TEPCO added something quite disconcerting…this levee is the first such sea-side tsunami protection for units #3&4! These units sit about 10 meters above the sea level, so they thought they didn’t need additional tsunami protection. Further, the new levee is estimated to protect the units from an 8 meter tsunami, at high tide, spawned by an earthquake of 8 on the Richter scale. The 8 meter tsunami was the design basis for the plant prior to March 11. In other words, units #3&4 may not have met design basis criteria for tsunami! If NISA was aware of this and let them operate the plants anyway, they are a very poor regulatory body. If NISA didn’t know, then TEPCO should have their operating license revoked!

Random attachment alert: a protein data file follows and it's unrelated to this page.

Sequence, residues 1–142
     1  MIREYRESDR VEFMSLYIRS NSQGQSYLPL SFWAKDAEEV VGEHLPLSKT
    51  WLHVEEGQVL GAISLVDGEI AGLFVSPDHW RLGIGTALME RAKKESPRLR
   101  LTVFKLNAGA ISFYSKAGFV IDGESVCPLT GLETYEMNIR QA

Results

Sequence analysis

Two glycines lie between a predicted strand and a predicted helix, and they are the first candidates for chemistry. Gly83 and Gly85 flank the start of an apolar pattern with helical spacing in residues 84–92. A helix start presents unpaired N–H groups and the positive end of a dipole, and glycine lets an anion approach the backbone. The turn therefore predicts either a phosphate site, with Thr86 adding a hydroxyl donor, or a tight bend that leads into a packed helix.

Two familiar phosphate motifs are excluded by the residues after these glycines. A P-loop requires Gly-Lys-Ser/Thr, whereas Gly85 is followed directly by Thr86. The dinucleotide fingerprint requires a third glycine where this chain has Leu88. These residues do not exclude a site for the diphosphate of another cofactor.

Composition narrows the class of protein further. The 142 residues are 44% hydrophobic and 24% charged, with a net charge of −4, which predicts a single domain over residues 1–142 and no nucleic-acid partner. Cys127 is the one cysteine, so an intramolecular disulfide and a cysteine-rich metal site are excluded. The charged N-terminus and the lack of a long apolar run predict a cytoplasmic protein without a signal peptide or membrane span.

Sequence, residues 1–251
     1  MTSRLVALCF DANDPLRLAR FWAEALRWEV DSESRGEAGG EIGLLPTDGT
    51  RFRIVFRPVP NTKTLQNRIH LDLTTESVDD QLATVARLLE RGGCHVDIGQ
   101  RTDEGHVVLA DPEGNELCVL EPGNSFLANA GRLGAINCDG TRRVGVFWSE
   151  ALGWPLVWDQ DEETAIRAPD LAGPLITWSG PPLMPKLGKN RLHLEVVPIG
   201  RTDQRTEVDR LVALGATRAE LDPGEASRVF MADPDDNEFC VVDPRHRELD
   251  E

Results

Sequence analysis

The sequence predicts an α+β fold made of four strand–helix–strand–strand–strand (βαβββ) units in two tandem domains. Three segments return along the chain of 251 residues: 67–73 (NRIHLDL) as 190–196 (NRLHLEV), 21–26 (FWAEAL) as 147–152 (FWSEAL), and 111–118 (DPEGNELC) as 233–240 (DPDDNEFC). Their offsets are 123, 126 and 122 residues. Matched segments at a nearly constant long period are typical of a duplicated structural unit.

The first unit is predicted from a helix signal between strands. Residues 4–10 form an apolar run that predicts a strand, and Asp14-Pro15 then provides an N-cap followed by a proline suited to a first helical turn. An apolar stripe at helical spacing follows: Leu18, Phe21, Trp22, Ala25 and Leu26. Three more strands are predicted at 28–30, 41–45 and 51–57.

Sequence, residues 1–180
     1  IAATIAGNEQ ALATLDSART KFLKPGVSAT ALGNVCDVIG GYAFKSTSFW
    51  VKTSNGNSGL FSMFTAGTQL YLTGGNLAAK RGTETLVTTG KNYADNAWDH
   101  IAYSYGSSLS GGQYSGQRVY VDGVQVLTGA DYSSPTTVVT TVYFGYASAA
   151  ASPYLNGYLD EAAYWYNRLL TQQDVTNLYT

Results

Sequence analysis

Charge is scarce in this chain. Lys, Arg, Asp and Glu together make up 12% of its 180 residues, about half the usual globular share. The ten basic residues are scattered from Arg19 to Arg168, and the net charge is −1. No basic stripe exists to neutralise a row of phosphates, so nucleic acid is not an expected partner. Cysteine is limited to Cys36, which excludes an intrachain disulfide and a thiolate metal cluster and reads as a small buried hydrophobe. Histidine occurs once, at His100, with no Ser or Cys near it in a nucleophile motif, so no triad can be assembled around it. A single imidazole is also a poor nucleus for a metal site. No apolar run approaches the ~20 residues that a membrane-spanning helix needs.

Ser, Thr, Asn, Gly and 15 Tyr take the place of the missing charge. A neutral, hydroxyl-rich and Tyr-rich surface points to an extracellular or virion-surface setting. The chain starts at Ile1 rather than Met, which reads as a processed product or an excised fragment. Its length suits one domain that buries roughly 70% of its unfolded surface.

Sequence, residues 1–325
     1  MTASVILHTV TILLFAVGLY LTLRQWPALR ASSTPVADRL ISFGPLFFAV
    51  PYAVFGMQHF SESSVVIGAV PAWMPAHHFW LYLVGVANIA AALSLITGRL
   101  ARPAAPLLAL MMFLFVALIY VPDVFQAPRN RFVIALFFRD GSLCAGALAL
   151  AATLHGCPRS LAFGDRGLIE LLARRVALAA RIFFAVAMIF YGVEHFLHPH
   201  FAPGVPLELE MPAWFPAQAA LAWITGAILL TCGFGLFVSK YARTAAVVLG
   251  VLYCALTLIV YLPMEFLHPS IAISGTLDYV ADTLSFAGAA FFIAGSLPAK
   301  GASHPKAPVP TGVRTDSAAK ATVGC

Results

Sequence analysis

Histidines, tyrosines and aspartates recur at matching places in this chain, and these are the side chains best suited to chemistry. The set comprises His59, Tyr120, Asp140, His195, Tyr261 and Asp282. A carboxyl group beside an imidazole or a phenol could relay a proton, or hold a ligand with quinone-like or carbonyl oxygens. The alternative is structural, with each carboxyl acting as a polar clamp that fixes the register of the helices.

- A Japan Times article says Tsuruga unit #1 reactor containment does not have an over-pressure venting system. Of the 30 Mark I containments in Japan on Boiling Water Reactor systems, this is the only one lacking the venting technology. Japan Atomic Power Company says they did not install such a system because the did not believe it was needed for Tsuruga #1. If this article is correct, it demonstrates that compliance with safety regulations in Japan is a matter of individual utility discretion. Regulatory compliance should be mandatory, not discretionary.